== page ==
Terminalia Chebula

Botanical Name: Terminalia Chebula

Sanskrit Name: Harithaki

Family Name: Combretaceae

Description

Vernacular names :

  1. Hindi – harad
  2. Telugu –karakkaya
  3. Gujarati –hardo
  4. Tamil –kadukkai
  5. Oriya – haridra

Synonyms

Amrita,   Abhaya, Kayastha,   Vayastha,   Pathya, Vijaya, diva, Jaya, Haimavati

Ganas in classical texts:

Charaka: Jvaraghna, Arshoghna, Kasaghna, Kustbaghna,Prajasthapana

Susruta: Amalakyadi, Parusakadi, Triphala

Vagbhata:parusakadi

Introduction

Among the earliest references, Panini described it for the management of dysurea/anurea and constipation (Mutra-PurisaNirodha) — (Pa.Ga. 4/4/53).

Haritaki (Terminalia Chebula) is one of the important as well as commonest herbs used by folk, house hold and traditional medicine. Its fruit rind is used in medicine and is one of the ingredients in Triphala (three myrobalans).

It is mainly indicated for constipation, respiratory problems, certain skin disorders, eye diseases etc. Charaka high-lighted its Rasayana properties in Chikitsasthana. He specifically stated Haritaki as best among the herbs to be used regularly

Sivadatta described Haritaki plant by making simile with ‘Vasa’ leaves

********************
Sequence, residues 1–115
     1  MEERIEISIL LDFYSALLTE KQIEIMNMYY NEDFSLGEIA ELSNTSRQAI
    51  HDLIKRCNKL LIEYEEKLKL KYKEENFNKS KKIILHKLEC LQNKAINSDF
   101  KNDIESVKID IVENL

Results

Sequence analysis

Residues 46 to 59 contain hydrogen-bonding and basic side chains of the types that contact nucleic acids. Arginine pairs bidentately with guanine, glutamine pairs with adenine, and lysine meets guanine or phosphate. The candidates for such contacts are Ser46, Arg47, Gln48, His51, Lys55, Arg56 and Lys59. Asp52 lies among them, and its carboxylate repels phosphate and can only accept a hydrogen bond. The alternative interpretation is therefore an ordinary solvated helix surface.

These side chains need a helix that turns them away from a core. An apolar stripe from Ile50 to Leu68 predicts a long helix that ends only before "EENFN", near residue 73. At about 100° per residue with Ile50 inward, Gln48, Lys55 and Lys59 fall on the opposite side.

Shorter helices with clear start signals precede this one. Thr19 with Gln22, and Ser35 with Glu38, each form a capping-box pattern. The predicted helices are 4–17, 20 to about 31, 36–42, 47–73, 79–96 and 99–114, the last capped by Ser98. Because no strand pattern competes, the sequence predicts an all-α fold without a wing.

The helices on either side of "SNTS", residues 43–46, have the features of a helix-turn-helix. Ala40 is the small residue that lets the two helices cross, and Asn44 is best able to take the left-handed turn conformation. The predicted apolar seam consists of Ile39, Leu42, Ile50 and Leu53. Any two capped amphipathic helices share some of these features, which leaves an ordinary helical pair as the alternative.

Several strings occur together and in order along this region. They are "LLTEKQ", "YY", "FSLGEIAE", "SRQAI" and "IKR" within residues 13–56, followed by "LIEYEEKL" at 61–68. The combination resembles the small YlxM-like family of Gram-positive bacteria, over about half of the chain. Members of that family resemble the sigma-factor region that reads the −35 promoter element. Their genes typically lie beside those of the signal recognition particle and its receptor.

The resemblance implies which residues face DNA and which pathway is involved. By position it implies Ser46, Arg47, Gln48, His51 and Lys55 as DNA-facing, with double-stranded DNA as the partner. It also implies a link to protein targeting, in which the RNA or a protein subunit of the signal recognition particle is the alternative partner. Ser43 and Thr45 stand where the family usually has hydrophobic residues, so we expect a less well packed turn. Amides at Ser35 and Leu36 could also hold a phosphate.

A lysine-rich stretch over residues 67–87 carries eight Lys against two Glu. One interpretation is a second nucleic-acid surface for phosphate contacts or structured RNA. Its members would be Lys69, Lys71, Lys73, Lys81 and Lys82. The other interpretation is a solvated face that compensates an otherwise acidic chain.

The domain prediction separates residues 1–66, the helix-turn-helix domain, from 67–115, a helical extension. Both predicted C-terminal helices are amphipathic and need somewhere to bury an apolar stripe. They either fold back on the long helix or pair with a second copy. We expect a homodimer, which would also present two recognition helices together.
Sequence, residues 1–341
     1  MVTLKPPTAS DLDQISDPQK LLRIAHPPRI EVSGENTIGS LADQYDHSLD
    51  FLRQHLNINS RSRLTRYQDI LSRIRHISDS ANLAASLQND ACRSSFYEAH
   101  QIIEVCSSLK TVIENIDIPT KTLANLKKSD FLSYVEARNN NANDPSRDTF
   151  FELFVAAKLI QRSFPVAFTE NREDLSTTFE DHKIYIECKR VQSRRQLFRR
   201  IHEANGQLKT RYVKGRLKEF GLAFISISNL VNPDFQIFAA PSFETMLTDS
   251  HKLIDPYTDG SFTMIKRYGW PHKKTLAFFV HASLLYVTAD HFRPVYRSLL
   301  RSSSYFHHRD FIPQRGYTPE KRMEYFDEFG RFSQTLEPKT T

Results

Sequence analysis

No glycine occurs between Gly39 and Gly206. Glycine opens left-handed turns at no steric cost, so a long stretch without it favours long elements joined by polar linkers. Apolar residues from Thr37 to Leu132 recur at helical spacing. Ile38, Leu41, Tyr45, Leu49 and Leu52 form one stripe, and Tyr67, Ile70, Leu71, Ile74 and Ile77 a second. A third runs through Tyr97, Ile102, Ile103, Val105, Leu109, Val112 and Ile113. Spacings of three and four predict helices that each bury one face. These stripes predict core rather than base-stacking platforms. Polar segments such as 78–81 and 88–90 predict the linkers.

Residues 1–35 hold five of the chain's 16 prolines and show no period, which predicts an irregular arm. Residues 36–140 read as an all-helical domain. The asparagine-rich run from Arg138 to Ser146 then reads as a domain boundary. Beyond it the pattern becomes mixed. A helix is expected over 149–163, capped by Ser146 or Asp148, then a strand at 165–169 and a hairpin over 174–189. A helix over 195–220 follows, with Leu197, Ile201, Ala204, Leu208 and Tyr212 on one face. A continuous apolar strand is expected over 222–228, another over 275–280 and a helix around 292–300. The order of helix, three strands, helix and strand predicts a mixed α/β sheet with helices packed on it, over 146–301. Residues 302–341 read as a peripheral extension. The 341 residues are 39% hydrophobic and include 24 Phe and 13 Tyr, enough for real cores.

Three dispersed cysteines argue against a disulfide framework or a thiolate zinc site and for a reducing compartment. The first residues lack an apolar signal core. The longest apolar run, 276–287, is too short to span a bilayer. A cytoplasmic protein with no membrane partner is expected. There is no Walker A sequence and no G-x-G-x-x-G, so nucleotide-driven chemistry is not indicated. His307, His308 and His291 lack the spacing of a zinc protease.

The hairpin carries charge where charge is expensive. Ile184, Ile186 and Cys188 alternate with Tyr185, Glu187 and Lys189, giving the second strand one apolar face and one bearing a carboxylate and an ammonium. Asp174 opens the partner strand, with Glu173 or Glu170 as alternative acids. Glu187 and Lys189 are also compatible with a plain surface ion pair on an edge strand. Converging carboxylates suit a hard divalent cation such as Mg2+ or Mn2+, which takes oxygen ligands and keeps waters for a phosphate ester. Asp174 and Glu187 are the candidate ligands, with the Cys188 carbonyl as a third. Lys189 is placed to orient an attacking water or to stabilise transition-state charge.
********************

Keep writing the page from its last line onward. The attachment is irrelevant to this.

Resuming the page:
Controversial Studies

Though there is no controversy in the identity of its botanical source (T.chebula), in South India it is being adulterated withT. pallida while in Bengal and Assam another species T. citrinaRoxb. is being used as a variety of Haritaki.

Varieties

Bhavamishra describes seven varieties of Haritaki viz.,

(1) Vijaya

(2) Rohini

(3) Putana

(4) Amrta

(5) Abhaya

(6) Jivanti and

(7) Chetaki.

Each variety is used for a specific purpose.

(1) Vijaya-Sarvaroga (all diseases)

(2) Rohini- Vrana (wound healing)

(3) Putana-Pralepa (external application)

(4) Amrita-Sodhana (purification procedures)

(5) Abhaya- Netrarogas (eye diseases)

(6) Tivant: Sarvaroga (all diseases)

The above seven varieties may be the chamo-types or ecotypes belonging to the same species/different areas.

Haritaki will also exhibit various pharmacological effects by changing the vehicle (Anupana).

Kaiyaveda quoted three varieties viz., Niraja, Vanaja and Parvatiya.

Botanical details

Haritaki (Terminalia Chebula) is a large tree, with rust coloured or silvery hairs over the younger branchlets etc.

Leaves- mostly subopposite, distant,ovate or oblong-ovate, 8-20 cm. long, de-ciduous in the cold season.